I hadn’t been planning to write anything about Middle Earth: Shadow of Mordor, a game I only recently finished, mostly because the game is old and it didn’t seem like there was much to say. Shadow of Mordor is an exceptionally well-crafted game with strong mechanics that make it a lot of fun to play, but it’s still a Lord of the Rings knockoff without much in the way of novel settings, characters, or plot.
But a strange thing happened while I was branding Uruk Warchiefs to set up the final mission. One trophy – A Graug’s Heel – instructs the player to use a Warchief’s fear against him, and since I sometimes like to collect such trophies it seemed like a fine opportunity to kill two Uruks with one ring. I dutifully set out to exploit the game’s Nemesis system, which allows the hero Talion to gather personal information about the Uruk Captains and Warchiefs that are the primary villains.
What I found proved to be a harrowing lesson in video game empathy.
Though Shadow of Mordor largely deserves the praise it has received for its Nemesis system, it would be a stretch to suggest that the Uruks have personalities. Their strengths and vulnerabilities are purely mechanical, disassociated from anything that might give us a glimpse into what the Captains do when not enslaving humans. As in so many games, these creatures exist solely for combat.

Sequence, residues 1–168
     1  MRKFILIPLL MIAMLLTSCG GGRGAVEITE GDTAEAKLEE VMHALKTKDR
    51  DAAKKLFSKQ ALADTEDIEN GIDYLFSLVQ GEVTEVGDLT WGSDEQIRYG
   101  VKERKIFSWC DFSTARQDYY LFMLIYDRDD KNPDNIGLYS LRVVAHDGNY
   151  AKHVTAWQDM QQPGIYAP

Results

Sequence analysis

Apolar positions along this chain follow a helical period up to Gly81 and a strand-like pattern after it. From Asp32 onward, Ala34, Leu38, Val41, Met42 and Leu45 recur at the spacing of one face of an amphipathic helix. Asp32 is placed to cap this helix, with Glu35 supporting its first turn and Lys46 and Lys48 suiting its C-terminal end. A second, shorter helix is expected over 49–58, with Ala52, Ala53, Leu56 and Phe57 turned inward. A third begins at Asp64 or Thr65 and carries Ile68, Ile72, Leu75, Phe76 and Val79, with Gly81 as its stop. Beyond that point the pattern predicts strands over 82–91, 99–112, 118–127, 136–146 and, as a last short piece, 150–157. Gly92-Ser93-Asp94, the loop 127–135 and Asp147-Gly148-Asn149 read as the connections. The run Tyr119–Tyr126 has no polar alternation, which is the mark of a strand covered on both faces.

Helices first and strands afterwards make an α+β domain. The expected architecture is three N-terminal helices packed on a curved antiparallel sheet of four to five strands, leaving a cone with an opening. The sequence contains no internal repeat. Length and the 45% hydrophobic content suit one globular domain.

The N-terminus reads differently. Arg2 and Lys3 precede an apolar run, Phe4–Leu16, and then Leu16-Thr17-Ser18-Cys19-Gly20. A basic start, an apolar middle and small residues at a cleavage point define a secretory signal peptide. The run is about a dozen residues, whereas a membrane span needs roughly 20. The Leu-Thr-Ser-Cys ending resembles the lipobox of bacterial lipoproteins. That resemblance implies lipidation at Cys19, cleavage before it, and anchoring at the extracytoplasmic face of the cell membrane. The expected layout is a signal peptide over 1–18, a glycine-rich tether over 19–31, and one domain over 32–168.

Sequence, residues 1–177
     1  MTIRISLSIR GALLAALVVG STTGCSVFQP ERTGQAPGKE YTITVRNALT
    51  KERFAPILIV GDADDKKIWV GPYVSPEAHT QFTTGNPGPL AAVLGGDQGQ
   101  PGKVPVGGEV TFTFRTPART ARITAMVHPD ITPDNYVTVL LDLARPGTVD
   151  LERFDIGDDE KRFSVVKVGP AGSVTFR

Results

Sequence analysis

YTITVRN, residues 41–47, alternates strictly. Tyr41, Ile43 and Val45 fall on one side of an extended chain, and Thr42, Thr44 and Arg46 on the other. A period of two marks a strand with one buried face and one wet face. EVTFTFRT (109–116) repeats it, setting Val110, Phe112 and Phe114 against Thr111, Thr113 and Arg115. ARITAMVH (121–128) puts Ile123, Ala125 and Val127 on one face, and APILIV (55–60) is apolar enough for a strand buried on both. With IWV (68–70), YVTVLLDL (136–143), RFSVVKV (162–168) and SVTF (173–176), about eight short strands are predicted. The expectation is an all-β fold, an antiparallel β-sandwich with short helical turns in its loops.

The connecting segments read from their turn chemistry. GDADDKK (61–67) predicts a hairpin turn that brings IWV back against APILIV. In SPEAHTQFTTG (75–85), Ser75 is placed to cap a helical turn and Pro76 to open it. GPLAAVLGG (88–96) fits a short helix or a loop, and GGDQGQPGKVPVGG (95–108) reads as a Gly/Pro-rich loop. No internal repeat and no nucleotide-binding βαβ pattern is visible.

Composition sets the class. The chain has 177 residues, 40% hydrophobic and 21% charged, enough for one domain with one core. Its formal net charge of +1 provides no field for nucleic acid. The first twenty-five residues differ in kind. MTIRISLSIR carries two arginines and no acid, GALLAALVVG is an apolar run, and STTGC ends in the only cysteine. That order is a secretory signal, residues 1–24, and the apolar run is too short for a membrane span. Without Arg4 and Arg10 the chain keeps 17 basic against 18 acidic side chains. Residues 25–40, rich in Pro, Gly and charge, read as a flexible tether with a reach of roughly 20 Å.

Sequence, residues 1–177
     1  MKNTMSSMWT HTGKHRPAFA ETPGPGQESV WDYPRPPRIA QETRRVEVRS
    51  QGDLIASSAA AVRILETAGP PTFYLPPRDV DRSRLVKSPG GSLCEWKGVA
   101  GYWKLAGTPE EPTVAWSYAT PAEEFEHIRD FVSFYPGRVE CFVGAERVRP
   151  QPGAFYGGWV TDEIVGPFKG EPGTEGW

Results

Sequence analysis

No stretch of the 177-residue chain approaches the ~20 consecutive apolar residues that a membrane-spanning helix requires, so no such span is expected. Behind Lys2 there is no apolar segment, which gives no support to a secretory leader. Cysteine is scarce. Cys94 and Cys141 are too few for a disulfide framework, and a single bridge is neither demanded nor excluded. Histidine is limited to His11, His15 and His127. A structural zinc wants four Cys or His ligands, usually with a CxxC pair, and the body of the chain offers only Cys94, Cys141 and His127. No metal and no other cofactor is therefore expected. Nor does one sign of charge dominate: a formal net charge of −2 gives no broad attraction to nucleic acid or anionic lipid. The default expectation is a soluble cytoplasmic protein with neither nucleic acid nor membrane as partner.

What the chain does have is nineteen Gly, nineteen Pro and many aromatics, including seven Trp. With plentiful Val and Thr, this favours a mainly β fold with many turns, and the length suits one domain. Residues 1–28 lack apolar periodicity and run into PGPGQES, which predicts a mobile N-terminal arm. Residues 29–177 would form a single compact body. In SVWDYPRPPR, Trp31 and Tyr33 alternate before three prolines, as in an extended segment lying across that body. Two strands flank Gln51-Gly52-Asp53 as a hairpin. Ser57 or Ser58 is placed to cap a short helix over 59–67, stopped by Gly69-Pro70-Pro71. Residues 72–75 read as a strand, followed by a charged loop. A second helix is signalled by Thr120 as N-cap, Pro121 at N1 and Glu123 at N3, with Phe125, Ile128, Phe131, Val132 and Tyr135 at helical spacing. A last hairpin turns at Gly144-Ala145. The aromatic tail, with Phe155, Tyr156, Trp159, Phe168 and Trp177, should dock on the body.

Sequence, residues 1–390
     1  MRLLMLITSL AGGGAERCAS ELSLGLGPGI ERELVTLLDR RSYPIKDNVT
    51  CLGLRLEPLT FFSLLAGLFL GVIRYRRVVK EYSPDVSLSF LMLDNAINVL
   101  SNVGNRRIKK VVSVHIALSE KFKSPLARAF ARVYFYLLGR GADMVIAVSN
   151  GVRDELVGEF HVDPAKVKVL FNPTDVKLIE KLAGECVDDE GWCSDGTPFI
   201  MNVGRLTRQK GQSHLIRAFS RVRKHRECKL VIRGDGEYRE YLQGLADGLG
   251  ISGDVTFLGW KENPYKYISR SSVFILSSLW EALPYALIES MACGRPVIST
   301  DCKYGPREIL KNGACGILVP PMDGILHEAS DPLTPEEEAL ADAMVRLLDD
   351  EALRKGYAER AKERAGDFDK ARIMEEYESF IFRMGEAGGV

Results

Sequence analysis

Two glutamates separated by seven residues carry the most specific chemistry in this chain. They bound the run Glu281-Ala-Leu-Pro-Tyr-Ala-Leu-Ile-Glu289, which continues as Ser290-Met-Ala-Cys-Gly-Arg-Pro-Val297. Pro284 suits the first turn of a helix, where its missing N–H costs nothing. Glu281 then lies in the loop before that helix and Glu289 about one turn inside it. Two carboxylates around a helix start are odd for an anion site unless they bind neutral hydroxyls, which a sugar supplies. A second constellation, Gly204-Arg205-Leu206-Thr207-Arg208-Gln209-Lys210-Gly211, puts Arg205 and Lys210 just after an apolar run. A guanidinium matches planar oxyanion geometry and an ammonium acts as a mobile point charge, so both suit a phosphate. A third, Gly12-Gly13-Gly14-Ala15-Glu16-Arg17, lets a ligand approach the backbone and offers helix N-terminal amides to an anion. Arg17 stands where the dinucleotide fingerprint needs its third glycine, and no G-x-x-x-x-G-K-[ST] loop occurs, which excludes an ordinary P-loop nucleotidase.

The exceptions are the Captains’ fears, the most common of which are fire and caragors, the large, tiger-like creatures that prowl the game world. When exposed to one their fears, even the most powerful Uruks will turn and run. Knowing a Captain’s fear will change the way you approach that encounter, encouraging the player to utilize the environment to become a more dangerous opponent. It makes each battle feel different, and helps infuse the game with much of its variety.
However, the fears also serve as an indication that the Uruks have inner thoughts and personalities beyond fighting. It makes them unexpectedly relatable because – like us – the Uruks have insecurities that can be ruthlessly exploited by those who would cause them harm.
That all came to the fore when I fought a hapless Warchief named Nazu. He feared caragors, so I initiated a riot to lure him into the open then got him to chase me while I ran towards the nearest pack of critters. When he turned and fled, I mounted one of the caragors and gave chase.
The resulting battle was somewhat atypical. The Warchiefs are challenging opponents because they come with an entourage of soldiers, but I somehow managed to isolate Nazu in the middle of the map, far from his Bodyguards and any other Uruks that might have come to his aid. I then spent two minutes slowly savaging poor Nazu with my caragor, repeatedly knocking him to the ground and mauling him with teeth and claws while he helplessly screamed and pleaded for mercy. It wasn’t a challenge. It was torture.